"Joy", by Susan Hilario
Secular Christmas songs and greetings often urge us to be happy or merry: We Wish You a Merry Christmas, Have Yourself a Merry Little Christmas, Happy Holidays. We look forward to the pretty lights and upbeat music every year, but tire of it after a month or two. It delights us for a while, but it can't sustain the level of contentment that we seek. When we understand the true meaning of Christmas, however, our focus changes from happiness to joy- true, lasting joy.
Jesus talked about full or complete joy, the kind that endures. To those who belong to him he says, “Ask and you will receive, and your joy will be complete (John 16:24),” and prays, “that they may have the full measure of my joy within them (John 17:13).” Apparently, he was talking about a kind of joy that is so deep and permanent and all-encompassing that, come what may, we will never be without it. In John 16:22 he said, “…and you will rejoice, and no one will take away your joy.”
Joy is a characteristic that makes Christians different from those who have no hope. What about adverse circumstances? Paul sang in jail. If we have the Spirit of Christ, and we do if we belong to him, then joy is one of the fruits that comes with the presence of that Spirit. Perhaps it falls to us then to choose to rejoice. Paul said we should always rejoice in the Lord, because the Lord is near (Phil. 4:4,5). The nearness of the Lord is the reason we can rejoice. Not that we don’t get sad, and weep and grieve. A sickness, a disappointment, a frustration, an injustice, or a loss descends on us and we are affected, sometimes crushed, but the Lord taught that we need not succumb to it. He speaks of an underlying joy that will see us through it, and this comes from being near Him.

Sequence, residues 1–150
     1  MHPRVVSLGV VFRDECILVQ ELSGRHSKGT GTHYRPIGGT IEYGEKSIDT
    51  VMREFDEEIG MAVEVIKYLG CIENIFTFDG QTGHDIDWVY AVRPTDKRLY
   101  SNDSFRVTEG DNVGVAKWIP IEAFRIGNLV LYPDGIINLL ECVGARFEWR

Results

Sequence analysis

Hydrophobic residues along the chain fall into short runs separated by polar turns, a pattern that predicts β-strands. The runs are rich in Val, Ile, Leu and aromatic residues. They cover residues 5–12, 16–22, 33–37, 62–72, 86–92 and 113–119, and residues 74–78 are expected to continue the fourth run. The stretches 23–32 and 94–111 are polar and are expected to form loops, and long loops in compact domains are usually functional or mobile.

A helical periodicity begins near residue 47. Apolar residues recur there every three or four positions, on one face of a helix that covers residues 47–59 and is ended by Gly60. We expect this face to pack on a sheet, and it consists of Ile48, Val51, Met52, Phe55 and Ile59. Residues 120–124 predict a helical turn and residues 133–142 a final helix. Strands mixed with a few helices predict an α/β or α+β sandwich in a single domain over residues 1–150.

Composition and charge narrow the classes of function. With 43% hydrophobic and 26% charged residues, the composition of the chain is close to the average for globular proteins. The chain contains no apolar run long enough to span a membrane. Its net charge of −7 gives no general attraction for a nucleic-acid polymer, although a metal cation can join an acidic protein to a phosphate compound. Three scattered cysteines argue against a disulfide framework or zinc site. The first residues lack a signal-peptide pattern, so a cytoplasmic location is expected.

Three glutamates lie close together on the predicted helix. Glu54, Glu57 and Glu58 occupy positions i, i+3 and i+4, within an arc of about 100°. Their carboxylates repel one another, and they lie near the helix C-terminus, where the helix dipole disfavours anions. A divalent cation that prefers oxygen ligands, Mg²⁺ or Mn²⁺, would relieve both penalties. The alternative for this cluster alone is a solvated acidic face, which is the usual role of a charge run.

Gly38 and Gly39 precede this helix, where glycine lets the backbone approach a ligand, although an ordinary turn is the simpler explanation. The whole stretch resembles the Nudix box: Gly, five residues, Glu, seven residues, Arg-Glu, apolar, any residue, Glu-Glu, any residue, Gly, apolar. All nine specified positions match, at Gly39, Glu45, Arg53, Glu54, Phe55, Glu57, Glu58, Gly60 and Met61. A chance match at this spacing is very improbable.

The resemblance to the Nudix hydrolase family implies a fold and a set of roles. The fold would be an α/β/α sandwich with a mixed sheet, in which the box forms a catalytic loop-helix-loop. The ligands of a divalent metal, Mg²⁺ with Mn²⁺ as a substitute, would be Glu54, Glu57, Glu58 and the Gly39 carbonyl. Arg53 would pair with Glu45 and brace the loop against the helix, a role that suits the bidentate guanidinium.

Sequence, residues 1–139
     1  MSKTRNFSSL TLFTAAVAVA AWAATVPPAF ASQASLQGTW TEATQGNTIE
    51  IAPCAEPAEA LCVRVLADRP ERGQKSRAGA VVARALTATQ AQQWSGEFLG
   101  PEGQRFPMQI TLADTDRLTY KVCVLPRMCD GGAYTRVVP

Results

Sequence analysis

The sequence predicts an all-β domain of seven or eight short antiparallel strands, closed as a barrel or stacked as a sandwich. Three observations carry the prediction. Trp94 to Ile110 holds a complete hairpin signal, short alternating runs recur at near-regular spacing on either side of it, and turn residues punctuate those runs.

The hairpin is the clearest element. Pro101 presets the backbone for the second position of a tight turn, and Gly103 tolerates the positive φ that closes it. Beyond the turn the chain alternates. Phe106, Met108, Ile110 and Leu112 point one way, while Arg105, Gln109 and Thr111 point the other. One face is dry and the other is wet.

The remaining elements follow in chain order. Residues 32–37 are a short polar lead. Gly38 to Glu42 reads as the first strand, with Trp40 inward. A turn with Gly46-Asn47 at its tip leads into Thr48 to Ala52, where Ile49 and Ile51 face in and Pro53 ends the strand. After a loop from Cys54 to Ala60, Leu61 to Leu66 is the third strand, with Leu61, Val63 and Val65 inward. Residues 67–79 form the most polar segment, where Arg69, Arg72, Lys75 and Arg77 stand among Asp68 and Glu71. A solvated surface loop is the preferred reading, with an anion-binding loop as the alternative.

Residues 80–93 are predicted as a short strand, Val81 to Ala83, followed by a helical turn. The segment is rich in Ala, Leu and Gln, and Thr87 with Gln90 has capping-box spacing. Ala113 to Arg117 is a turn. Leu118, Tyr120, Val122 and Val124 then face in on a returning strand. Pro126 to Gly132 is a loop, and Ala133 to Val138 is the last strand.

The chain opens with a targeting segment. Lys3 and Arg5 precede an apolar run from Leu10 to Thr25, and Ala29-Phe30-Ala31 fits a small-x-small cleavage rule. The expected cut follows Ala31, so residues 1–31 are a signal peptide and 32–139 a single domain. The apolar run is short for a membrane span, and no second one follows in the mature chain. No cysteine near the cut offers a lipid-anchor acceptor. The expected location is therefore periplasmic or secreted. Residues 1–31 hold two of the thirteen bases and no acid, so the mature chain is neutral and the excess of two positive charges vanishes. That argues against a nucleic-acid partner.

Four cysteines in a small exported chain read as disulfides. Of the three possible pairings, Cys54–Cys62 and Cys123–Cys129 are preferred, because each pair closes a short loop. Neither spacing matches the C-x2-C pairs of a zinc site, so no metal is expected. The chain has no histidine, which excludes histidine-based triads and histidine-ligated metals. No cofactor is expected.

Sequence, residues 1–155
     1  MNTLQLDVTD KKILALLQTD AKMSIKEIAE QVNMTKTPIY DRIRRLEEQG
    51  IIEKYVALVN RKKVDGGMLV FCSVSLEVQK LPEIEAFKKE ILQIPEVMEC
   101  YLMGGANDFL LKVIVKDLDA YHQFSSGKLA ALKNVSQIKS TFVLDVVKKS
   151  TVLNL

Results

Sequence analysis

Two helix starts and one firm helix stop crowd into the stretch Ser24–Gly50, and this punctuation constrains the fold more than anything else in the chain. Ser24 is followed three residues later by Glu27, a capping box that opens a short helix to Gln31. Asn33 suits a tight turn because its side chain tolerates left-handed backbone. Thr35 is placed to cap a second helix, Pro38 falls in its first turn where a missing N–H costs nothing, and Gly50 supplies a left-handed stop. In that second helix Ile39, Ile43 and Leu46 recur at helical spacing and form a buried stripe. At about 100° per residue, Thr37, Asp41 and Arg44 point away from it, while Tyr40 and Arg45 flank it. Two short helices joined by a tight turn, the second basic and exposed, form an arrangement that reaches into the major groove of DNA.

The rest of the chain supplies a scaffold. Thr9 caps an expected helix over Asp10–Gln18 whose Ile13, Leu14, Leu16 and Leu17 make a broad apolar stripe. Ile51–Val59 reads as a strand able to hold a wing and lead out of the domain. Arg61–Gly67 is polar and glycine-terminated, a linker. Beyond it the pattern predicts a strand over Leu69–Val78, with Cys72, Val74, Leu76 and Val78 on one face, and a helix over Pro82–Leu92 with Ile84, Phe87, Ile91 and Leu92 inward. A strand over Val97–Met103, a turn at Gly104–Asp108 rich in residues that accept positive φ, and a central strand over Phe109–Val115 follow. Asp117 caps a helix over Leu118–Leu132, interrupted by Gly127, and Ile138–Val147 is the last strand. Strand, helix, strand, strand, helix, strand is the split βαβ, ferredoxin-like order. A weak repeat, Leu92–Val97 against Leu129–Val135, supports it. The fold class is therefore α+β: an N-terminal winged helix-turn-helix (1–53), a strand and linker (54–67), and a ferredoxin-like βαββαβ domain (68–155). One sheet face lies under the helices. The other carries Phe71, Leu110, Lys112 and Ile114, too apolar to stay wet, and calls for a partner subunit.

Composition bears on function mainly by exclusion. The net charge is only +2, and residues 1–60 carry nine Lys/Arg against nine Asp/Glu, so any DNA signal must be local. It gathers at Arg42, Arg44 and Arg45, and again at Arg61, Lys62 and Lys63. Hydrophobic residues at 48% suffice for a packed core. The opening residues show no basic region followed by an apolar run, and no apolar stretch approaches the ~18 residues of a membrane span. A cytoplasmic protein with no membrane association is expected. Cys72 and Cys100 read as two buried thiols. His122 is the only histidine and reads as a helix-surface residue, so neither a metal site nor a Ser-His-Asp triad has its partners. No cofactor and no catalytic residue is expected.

In praying for believers, Jesus talked about our unity, with each other, with him, and with the Father that we should all be one in complete unity. Wouldn’t that, then, make available to us the kind of joy in question? The ultimate complete joy is truly knowing the Father and the love that he and the Son share. In the last recorded prayer of Jesus, before he went to the cross, the last thing he said was, “ I have made you known to them, and will continue to make you known in order that the love you have for me may be in them and that I myself may be in them (John 17:26).” Real joy, then, must depend on getting to know the Father and on being one with the Lord.
We rejoice because the Lord is near. For the prophets, it was on the way. They were looking and waiting for it. For us, it is here. He is here, his Spirit living in us. We commune with him. We still look for, wait for the day when we will see him as he is, but in the meantime, we have his presence within us, a deposit, guaranteeing what will be ours when he comes the next time. So, whatever our circumstances, because of his presence, we can still choose joy.
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